- Burnout’s A B*tch, by Rosie Millen (Mitchell Beazley, £20) is out now.
Sophie Elwin, 21, from London, was juggling three part-time key worker jobs during the second lockdown, while also searching for a graduate role.
She says: “I was working as a Covid cleaner in a primary school, a nanny for two different families and as an intern at a dating app.
“In my spare time, I spent hours applying for jobs and dealing with constant rejections. As the weeks passed, I felt exhausted but could not sleep.
“My mind was constantly buzzing and I felt anxious.
“I had a migraine all the time and found eating really hard because I felt so nauseous.
“My mood was really low and I became tearful and irritable. I was constantly snapping at my family and didn’t want their company.”
After making an appointment with her GP, Sophie realised she was suffering from burnout and went to see a therapist.
Sophie, who now runs a podcast called Can Someone Tell Me What To Do, says: “I took three weeks off from job-hunting, reduced my childcare shifts and then started painting in the evenings to try and switch off.”
She also read daily, reduced her time on social media and exercised to boost her levels of the feelgood hormone serotonin.
Sophie says: “Although I’m feeling much better, I do still feel quite overwhelmed sometimes. But I’ve learnt the importance of taking time out to relax.”
Meanwhile, Sara also cut back on the things that were stressing her out.
She says: “I booked a course of counselling and told a few friends about how I was feeling.
Vital to keep moving
EVEN though we are now doing less as a result of lockdown, many of us are feeling more tired. Dr Phil Parker explains why.
He says: “Exercising and being active help pump the blood around the body, so if you’re not moving enough – and let’s face it, who is – it can make us feel tired and sluggish.
"Being in the same position for hours, whether that’s sitting at your computer or lying down watching Netflix, means your body will stiffen up, your energy levels will drop and you’ll feel demotivated.
“During lockdown people’s lives have shrunk. You’ve gone from having a busy day where you might go out to an office, workout at the gym, meet a friend, and take the kids to school, to being in all of the time. That change will take a toll.
“Move your body, as regularly as possible.
“Even if you’re having to work at your kitchen table, get up regularly.
“Make a drink, put some washing on, open a window, or do some simple stretches like rolling your shoulders for a few moments.”
“I stopped listening to the news, and switched off notifications on my phone and hid my apps.
“I began eating more home-cooked food and went to bed earlier.
“My mind is still tired and recovering, but I feel better than I did and the end of this is now in sight.”
Take this quiz to find out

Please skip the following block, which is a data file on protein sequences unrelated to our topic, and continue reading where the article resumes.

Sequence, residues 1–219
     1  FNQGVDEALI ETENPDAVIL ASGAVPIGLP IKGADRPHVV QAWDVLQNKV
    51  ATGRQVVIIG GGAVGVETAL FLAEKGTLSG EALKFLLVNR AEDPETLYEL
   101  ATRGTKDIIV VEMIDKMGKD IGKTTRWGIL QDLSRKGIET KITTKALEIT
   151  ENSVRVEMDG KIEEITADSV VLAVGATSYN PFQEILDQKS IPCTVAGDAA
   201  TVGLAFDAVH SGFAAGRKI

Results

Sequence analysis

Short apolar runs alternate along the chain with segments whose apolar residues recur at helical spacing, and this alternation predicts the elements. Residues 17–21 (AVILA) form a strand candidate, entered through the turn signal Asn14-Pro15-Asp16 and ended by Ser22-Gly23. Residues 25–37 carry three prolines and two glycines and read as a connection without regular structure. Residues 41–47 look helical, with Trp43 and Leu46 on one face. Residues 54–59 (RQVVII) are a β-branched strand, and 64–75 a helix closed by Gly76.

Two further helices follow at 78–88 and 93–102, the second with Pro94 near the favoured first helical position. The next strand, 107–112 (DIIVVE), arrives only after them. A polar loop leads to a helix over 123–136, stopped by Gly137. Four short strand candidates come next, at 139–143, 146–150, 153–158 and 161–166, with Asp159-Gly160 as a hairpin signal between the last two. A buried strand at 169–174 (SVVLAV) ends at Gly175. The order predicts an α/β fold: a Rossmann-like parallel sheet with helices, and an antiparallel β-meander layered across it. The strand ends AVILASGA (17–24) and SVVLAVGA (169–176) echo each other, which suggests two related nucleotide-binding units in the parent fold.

NUTRITIONIST Rosie Millen’s burnout left her bedridden for three years after she collapsed from exhaustion one day.
Here is her quiz to help determine if you are also at risk of suffering burnout. Give yourself one point for all the questions you answer yes to.
- Do you wake up, even after a good night’s sleep, and still feel tired?
- Do you find small tasks challenging?
- Does it take you much longer to complete tasks than it used to?
- Do even simple things completely wipe you out?
- Do you experience dizzy spells during the day?
- Do you feel light-headed when you stand up too quickly?
- Do you feel tired all the time?
- Are you dragging yourself through the day?
- Do you rely heavily on stimulants such as tea, coffee and sugar to keep you going on a daily basis?
- Do you feel increasingly overwhelmed at work?
- Do you find small things upset you?
- Have you lost your drive and motivation?
- Do you feel like a zombie most days?
- Did you used to have a lot of energy and now feel like a shadow of your former self?
- Do you feel really fatigued after exercise?
- Are you ever so tired you can’t even read a text message?
- Do you ever feel so tired you feel sick?
- Do you find yourself increasingly unhappy?
- Is your memory not as good as it used to be?
- Do you have brain fog and reduced cognitive function?
- Does it take you a few hours to actually wake up in the morning?
- Have you experienced significant amounts of stress over the past three years?
- Do you have low blood pressure?
- Do you feel like you have to force yourself to keep going?
- Do you have severe energy slumps when you skip meals?
- Do you cancel social events (virtual ones during lockdown) because you simply can’t face the thought of them?
- Is your energy the lowest in the morning when you wake up?
What your score means
0-8 Healthy Stage: Your score is very low and indicates you have a healthy stress response. Your resilience is good and you are doing the right things to protect yourself. Stress itself is not the enemy. The danger lies with too much stress and an inability to cope.
9-18 Resistance Stage: Your body is having to go to large efforts to cope with the stressors in your life. You have mild burnout and will head towards complete exhaustion if you don’t intervene now.
19-28 Exhaustion Stage: You’re on the floor and need a complete overhaul. It’s vital you make some significant changes to get out of this exhausted state you’re in.